How Five Million Americans Got Trapped In the Coverage Gap
The Affordable Care Act (ACA), more commonly known as Obamacare, has gradually taken effect over the past few years.
In October, 2013, the government launched their healthcare website at healthcare.gov so now Americans can shop there for health insurance. Many people can find low-cost health plans through the website, but a change in the law in 2012 created a coverage gap that’s leaving many people still unable to afford insurance.
Going without insurance can be particularly difficult for people who rely on prescription medications to stay healthy.
The ACA originally included a mandate requiring every American household to have some kind of health insurance, be it through an employer, private insurance, Medicare or Medicaid. The law also included provisions to help people with the cost of healthcare.
Individuals or families in middle class income brackets could apply through the government’s health exchange website and receive financial aid in the form of a tax credit that can be automatically attached to their monthly insurance premium. People in lower income brackets who did not qualify for the tax credit would be covered by their state’s Medicaid plan. To ensure this, the original Obamacare law, as passed, required that all 50 states expand Medicaid as necessary to make sure that everyone who didn’t qualify for the tax credit was covered.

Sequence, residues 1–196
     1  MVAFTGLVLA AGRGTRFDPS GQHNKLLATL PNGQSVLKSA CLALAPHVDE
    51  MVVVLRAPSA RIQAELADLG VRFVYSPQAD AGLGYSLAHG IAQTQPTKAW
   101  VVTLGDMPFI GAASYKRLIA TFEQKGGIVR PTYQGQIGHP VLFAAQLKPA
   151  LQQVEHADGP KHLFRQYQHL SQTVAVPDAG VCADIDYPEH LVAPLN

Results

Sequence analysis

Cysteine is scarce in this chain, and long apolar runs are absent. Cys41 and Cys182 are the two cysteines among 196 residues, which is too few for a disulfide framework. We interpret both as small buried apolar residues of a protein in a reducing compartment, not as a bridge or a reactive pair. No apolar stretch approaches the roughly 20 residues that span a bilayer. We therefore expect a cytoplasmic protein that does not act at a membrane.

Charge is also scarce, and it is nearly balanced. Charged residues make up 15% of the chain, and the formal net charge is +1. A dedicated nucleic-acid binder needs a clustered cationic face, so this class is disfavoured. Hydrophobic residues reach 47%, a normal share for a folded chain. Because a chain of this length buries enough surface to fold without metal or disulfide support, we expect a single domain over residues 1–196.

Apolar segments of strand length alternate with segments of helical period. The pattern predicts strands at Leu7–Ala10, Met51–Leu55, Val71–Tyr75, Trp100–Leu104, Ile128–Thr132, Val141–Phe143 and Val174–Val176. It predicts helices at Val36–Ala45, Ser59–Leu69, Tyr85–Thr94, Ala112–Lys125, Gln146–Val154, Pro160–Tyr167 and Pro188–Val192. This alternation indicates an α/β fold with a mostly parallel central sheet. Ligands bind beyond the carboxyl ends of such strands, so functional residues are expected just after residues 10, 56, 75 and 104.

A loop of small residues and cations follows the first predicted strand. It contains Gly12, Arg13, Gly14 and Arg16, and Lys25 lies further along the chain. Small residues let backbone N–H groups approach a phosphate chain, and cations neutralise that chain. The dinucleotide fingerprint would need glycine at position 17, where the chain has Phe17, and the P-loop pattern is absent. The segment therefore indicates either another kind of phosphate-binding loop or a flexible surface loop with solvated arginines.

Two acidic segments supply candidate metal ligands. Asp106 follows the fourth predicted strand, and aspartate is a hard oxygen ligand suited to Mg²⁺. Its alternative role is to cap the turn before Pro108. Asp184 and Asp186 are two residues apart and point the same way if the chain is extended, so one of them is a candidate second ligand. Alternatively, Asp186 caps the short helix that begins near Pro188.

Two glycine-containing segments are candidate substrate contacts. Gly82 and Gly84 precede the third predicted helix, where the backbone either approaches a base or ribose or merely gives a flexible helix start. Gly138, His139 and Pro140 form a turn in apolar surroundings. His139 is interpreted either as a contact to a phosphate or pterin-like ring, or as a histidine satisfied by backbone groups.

The coverage gap that now exists was created when the Supreme Court decided the fate of Obamacare in the summer of 2012. While the Court upheld most parts of the law, it decided that individual states could opt out of Medicaid expansion. As a result, about half of the states’ governors chose not to expand Medicaid. In those states, the coverage gap exists. Uninsured people who don’t have enough income to qualify for the tax credit but have too much income to qualify for Medicaid will either have to continue being uninsured, or pay full price for health coverage. In states that participated in Medicaid expansion, all middle and lower income individuals and families should be covered.
People who find themselves in the coverage cap are exempt from the mandate that requires a health plan for everyone. If they cannot afford health insurance, they aren’t required to purchase it and will not be fined. However, being uninsured can mean high costs when health problems arise, and necessary medications can sometimes be difficult to afford.
The health exchange web site suggests that people in the gap could seek medical care at free or low-cost clinics and apply for free prescription drug cards that can be used at pharmacies for savings on prescription medications.